On This Day In Music History: “Maybellene”

On May 21, 1955, Chuck Berry was in Chicago, Illinois. Having been introduced to Leonard Chess, owner of Chess Records, by Muddy Waters, the St. Louis, MO based, singer, guitarist and songwriter was recording his first single.

1954 had seen popular releases by newcomers Bill Haley & His Comets [“(We’re Gonna) Rock Around The Clock”] and Elvis Presley (“That’s All Right” and “Good Rockin’ Tonight”), records that merged hillbilly (country) music with rhythm & blues and introduced something that came to be known as rockabilly. The song on Chuck’s demo tape that caught Leonard’s ear was his remake of a 1938 Bob Wills song called “Ida Red”. It too merged these two musically and racially disparate styles into a new and very infectious sound.

But besides Bob Wills, an R&B artist named Bumble Bee Slim had put out a song also called “Ida Red” in 1950, so a name change was called for. Chuck went to work and the rewritten number was given the title “Maybellene”. The track was cut, in 36 takes, with Chuck on lead vocals and electric guitar (a Gibson ES-350T with P-90 single-coil pickups), Johnnie Johnson on piano, Willie Dixon on bass, Jerome Green on maracas and Ebby Hardy on drums.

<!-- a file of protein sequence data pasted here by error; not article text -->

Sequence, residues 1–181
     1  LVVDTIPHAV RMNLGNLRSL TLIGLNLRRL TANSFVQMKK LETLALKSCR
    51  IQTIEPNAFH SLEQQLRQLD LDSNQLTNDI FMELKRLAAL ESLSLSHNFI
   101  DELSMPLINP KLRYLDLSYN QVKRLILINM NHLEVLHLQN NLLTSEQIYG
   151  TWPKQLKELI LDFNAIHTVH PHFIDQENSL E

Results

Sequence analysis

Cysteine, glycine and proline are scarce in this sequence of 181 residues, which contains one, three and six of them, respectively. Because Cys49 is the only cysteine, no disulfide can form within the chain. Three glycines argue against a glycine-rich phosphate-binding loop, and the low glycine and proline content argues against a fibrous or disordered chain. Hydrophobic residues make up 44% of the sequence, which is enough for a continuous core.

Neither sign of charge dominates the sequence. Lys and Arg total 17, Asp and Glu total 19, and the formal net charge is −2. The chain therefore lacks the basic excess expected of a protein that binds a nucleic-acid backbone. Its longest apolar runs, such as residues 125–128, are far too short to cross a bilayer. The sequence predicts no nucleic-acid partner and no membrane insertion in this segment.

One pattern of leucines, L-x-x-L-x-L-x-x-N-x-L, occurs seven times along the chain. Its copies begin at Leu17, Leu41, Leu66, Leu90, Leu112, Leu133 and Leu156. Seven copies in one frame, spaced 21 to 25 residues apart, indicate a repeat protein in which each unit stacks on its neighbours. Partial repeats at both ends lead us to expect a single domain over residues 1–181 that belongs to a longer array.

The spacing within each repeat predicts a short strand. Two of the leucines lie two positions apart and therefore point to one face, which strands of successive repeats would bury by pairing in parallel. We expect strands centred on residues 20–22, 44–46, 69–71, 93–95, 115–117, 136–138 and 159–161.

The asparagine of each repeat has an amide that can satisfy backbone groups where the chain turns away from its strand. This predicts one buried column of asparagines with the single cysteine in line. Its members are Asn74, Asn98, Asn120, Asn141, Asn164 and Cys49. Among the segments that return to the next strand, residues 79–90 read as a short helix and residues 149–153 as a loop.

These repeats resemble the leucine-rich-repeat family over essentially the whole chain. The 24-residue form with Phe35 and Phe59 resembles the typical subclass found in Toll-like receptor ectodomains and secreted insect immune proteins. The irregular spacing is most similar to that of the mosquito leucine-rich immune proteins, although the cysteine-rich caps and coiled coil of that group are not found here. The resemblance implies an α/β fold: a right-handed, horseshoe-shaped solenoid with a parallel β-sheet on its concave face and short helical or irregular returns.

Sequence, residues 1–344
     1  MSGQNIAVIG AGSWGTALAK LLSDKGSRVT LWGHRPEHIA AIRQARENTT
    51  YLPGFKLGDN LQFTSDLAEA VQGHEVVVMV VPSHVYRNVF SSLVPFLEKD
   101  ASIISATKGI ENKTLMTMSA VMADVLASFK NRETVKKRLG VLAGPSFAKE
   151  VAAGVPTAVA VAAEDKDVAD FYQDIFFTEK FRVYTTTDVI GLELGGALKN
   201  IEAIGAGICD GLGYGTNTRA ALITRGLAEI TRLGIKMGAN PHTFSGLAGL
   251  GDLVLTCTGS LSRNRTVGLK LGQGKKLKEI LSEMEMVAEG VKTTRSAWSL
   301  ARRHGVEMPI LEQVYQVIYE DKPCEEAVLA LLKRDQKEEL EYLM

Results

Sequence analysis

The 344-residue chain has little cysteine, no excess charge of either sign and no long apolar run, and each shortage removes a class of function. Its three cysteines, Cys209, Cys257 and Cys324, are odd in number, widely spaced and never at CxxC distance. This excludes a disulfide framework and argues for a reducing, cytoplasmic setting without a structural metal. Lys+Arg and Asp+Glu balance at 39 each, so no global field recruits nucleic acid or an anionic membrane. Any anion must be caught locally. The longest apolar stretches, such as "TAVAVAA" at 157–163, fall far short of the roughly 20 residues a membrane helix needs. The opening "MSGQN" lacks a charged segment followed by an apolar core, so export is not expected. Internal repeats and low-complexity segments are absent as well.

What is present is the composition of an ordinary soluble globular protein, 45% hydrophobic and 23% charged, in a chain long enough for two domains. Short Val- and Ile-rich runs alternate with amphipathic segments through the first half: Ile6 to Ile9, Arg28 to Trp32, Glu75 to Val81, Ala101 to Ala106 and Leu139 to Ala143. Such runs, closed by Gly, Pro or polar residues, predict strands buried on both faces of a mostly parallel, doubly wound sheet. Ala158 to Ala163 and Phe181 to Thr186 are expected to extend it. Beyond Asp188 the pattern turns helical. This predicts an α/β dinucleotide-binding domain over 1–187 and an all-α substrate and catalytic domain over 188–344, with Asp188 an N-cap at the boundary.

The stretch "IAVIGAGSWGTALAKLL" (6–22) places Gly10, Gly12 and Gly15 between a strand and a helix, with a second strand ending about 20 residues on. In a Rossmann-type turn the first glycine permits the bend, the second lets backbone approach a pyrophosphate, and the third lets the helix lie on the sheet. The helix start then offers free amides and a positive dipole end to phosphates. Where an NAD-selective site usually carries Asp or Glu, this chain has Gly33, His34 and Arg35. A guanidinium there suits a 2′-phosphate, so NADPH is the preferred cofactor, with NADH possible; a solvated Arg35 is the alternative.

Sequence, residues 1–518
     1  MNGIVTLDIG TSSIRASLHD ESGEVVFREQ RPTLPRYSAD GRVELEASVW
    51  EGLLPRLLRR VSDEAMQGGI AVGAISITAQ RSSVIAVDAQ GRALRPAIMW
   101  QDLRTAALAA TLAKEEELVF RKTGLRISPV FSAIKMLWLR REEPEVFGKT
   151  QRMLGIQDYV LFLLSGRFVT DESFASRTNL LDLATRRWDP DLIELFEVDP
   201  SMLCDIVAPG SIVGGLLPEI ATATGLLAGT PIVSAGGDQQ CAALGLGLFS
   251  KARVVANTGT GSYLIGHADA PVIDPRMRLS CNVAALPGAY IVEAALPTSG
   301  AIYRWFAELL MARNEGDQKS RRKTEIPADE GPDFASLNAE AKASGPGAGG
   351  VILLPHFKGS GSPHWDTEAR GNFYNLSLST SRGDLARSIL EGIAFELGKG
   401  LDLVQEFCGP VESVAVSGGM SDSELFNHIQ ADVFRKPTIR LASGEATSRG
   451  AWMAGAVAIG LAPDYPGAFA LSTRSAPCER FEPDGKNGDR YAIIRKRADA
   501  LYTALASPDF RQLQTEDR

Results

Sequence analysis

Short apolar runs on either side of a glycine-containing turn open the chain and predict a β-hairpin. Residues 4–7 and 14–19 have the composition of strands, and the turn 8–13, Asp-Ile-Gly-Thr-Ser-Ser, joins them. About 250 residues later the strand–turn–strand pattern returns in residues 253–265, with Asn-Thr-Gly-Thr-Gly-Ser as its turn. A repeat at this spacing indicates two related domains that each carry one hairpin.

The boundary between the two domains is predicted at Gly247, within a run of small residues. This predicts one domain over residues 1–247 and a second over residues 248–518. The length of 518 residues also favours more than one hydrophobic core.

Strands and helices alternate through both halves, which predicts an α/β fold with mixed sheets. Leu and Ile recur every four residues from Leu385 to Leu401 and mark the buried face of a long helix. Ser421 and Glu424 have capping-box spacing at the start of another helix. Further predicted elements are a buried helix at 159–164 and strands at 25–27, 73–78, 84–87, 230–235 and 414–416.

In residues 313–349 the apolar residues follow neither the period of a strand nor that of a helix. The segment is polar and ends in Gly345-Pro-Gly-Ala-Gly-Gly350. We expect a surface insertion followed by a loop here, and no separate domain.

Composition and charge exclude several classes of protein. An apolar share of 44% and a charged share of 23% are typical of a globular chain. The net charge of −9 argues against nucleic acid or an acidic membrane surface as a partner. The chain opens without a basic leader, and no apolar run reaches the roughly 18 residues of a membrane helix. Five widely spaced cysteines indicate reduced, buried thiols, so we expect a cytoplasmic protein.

In A Brief History of Rock ‘n’ Roll, Nick Johnstone wrote: “Welding country and western guitar licks to a Chicago-influenced rhythm and blues beat while throwing over the top, cocky, rebellious, mischievous lyrics, packed with lusty innuendo and metaphor, Berry all but defined rock ‘n’ roll with “Maybellene.””

Yes, indeed.

If you’ve never heard “Maybellene”, find it and listen to it (more than once.) If you have heard it, more than likely it has been awhile. So, listen to it again. “As I was motivatin’ over the hill..”

Three months after being recorded, “Maybellene” reached #5 on the Hot 100 and #1 on the R&B chart.

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One Response to On This Day In Music History: “Maybellene”

  1. Tom Savage says:

    Chuck B was one of the first black artists to successfully cross over to the mainstream charts, something that the other Chess artists, and of course black artists in general back then, rarely had the opportunity to do. Now if he could have just let those young women be….

    Maybellene is such a great song. I’m curious tho’…. What are the statistics on Chuck’s version vs Johnny Rivers? They recorded the song about 10 years apart….

    I can’t remember if I’ve mentioned it here before. Have you seen “Cadillac Records”? It’s the story of Chess Records and some of the artists that recorded for them, including Muddy Waters, Little Walter and Etta James. Certainly not Oscar winning performances, but it does give you a glimpse of what it may have been like.

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